and Calderbrook in the Parish of Rochdale and the said County
of Lancaster, Minister of the Gospel, do certify your worships
that a certain tenement building situated and being at Calderbrook
aforesaid and called or commonly known by the name of “Ebenezer
Chapel” is intended on and after this date here mentioned, be
appropriated for religious worship of Protestants.
I hereby desire your worships to cause the said tenement or building
to be registered and recorded pursuant to the direction of An
Act of Parliament made and passed in the fifty second year of
the reign of his late Majesty King George the Third, entitled
“An Act to repeal certain acts and amend other acts relating to
religious worship and assemblies, and persons teaching or……………
hand this 5th day of April 1836
was heard at Salford Quarter Sessions on the 11th April 1836 and
was duly granted that Ebenezer Independent Chapel be registered
as a Place of Religious Worship for Protestant Dissenters. Two years
later on 30th September 1838 it was licensed for marriages.
It is recorded that between 1832 and 1843, 179 infants were baptised.
the building of some houses started in front of the chapel, the
builders were approached and asked to put a room over two cottages
which would serve as a school. The
Sunday schools played an important part in the religious life of
the chapel and it was sometimes the only place where children could
learn the rudiments of reading and writing.
Henry Cheetham and his wife Susanna settled into the life of the
village minister and no doubt had their fair share of ups and downs.
He and his four children lived amongst the community, but in 1842
after just nine years, which had seen the birth of the new church
building and an expanding congregation, Henry decided to leave.
He preached his last sermon on the 29th of January that year and
the chapel was full to bursting. It must have been a sad occasion
for the members of the church and probably a hard decision for Henry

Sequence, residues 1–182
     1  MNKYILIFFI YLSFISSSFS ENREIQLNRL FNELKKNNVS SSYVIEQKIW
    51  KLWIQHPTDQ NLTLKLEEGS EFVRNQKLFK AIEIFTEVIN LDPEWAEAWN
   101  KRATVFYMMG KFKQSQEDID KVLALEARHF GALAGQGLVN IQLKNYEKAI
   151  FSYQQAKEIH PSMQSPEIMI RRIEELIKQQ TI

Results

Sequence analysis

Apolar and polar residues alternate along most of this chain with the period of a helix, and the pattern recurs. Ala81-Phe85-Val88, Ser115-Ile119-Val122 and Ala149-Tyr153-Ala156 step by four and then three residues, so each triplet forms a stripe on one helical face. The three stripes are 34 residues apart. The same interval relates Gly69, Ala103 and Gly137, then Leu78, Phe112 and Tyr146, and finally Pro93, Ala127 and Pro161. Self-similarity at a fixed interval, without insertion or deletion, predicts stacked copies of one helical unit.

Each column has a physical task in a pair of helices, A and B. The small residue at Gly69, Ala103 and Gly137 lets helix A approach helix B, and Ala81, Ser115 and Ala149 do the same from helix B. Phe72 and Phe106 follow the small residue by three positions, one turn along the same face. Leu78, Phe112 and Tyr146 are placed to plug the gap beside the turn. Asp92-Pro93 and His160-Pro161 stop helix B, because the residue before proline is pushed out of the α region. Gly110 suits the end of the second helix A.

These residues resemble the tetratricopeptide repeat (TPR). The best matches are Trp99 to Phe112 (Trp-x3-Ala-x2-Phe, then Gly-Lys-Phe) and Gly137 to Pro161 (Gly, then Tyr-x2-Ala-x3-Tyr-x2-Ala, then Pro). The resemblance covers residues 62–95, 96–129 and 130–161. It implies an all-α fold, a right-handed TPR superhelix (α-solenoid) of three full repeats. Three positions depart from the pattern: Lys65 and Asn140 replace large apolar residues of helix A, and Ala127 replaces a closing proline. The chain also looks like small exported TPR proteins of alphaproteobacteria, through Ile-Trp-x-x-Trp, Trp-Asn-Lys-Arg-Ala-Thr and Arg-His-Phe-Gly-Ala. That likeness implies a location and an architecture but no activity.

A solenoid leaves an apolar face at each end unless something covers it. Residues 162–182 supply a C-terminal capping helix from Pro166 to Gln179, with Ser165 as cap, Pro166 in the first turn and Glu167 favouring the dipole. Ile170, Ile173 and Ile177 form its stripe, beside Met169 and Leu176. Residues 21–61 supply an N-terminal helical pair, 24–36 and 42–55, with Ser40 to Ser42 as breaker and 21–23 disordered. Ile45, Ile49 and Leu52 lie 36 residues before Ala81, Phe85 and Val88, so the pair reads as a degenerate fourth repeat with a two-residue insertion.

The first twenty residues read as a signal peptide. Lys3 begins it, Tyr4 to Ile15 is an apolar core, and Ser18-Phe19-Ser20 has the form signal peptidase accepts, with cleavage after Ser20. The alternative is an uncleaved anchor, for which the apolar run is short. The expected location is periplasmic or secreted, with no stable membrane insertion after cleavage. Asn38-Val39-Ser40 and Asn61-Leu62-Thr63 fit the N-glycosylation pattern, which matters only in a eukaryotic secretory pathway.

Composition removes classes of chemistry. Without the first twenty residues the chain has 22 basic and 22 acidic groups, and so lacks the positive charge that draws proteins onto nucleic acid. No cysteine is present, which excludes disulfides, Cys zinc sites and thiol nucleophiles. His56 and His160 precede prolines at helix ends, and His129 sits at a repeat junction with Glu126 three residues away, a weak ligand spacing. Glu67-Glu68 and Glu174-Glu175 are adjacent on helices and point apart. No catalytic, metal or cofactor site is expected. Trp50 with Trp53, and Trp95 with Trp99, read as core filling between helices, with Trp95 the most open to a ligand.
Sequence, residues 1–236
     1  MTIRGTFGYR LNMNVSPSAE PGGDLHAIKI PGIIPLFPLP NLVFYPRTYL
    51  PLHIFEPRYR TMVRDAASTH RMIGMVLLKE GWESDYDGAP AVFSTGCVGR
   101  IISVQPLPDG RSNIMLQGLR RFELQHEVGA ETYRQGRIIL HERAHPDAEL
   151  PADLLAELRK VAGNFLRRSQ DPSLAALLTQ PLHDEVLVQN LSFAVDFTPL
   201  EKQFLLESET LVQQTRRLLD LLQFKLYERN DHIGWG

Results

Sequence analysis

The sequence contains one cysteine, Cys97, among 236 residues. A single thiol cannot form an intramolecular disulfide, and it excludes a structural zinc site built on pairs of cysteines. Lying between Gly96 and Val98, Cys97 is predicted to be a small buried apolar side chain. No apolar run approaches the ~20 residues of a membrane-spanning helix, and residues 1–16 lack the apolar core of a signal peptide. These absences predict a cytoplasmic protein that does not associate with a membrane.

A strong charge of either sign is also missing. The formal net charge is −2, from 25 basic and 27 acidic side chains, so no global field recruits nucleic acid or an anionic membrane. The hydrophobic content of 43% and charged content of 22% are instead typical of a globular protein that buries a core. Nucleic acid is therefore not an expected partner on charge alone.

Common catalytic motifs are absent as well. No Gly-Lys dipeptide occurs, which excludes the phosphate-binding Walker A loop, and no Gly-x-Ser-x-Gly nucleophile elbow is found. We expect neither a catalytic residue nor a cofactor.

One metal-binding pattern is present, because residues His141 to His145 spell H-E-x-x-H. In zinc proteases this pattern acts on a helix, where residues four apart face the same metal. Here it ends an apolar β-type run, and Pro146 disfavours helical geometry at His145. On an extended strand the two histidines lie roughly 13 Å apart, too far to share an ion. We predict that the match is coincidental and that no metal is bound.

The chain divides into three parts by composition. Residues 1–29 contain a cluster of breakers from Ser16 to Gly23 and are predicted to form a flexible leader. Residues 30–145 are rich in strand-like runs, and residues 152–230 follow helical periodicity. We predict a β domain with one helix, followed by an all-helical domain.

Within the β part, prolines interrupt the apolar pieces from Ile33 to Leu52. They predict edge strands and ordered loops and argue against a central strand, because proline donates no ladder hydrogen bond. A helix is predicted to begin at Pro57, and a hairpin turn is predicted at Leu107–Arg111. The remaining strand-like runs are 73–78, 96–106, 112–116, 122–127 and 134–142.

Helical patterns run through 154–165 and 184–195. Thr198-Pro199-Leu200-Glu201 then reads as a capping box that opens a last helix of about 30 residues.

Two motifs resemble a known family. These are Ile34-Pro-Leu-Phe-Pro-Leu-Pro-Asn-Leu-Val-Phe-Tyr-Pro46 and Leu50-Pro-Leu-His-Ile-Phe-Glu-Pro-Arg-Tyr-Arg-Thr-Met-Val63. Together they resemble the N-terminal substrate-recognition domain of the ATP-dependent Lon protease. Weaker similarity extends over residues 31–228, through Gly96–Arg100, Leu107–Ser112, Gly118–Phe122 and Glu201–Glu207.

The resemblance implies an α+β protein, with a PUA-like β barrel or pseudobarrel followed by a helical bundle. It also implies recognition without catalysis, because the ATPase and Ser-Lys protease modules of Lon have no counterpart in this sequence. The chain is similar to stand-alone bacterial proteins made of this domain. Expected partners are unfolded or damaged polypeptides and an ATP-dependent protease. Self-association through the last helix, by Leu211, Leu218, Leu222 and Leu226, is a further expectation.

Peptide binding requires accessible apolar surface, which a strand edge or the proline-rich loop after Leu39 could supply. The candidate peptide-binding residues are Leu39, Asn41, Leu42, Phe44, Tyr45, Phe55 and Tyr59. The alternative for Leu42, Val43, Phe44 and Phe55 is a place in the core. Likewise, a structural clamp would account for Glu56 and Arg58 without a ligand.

to make. During his ministry
he had seen the chapel cleared of debt but the house-cottage and
school was left with a debt of £400.
new minister was appointed and took up his post in 1843. He was
the Rev. Daniel Calvert and he served the community for 6 years.
Previous to coming to Summit, he had served some time at Tosside
near Settle. In the time he spent at Summit there were 31 new members
admitted to the church, so he had a very successful term. It was
only his premature death that cut short his term of duty. He died
at Calderbrook on 22 of September 1849 aged 55.
left a huge gap in the community, being a very popular minister
and he was replaced by the Rev. Samuel Sugden, who took over the
duties of minister in 1850.
Rev. Sugden served the community for 18 years but it was not a happy
time in the history of the chapel. He was not happy in his job and
his 18 years service were regarded as a complete failure. In the
last two years of his ministry, his sermons would include gossip
he had heard on his visits to the homes of the congregation and
he began to get very personal with some of the comments he preached
from the pulpit. This was no way for a minister to behave and he
was asked for his resignation, which he duly tendered.
doubt it was a relief for the village people as they must have wondered
what he was going to reveal in his next sermon and attending services